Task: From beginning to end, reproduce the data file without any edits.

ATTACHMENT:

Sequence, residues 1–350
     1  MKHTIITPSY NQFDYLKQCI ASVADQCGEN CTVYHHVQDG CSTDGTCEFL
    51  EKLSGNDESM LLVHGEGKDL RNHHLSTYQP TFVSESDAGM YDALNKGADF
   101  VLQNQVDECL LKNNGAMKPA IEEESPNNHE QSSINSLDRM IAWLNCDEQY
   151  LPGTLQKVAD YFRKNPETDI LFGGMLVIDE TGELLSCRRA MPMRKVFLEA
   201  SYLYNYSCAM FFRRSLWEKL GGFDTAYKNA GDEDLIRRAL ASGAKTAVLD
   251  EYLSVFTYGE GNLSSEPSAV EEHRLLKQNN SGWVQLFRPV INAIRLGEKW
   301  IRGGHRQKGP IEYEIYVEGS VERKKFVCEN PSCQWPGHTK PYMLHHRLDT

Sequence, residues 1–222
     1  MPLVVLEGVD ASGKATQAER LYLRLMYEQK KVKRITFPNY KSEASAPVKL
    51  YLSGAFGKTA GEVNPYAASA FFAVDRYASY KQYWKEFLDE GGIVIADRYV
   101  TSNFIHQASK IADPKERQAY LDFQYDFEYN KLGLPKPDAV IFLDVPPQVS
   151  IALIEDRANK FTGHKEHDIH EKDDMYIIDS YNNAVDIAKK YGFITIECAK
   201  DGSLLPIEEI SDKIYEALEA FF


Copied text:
Sequence, residues 1–350
     1  MKHTIITPSY NQFDYLKQCI ASVADQCGEN CTVYHHVQDG CSTDGTCEFL
    51  EKLSGNDESM LLVHGEGKDL RNHHLSTYQP TFVSESDAGM YDALNKGADF
   101  VLQNQVDECL LKNNGAMKPA IEEESPNNHE QSSINSLDRM IAWLNCDEQY
   151  LPGTLQKVAD YFRKNPETDI LFGGMLVIDE TGELLSCRRA MPMRKVFLEA
   201  SYLYNYSCAM FFRRSLWEKL GGFDTAYKNA GDEDLIRRAL ASGAKTAVLD
   251  EYLSVFTYGE GNLSSEPSAV EEHRLLKQNN SGWVQLFRPV INAIRLGEKW
   301  IRGGHRQKGP IEYEIYVEGS VERKKFVCEN PSCQWPGHTK PYMLHHRLDT

Sequence, residues 1–222
     1  MPLVVLEGVD ASGKATQAER LYLRLMYEQK KVKRITFPNY KSEASAPVKL
    51  YLSGAFGKTA GEVNPYAASA FFAVDRYASY KQYWKEFLDE GGIVIADRYV
   101  TSNFIHQASK IADPKERQAY LDFQYDFEYN KLGLPKPDAV IFLDVPPQVS
   151  IALIEDRANK FTGHKEHDIH EKDDMYIIDS YNNAVDIAKK YGFITIECAK
   201  DGSLLPIEEI SDKIYEALEA FF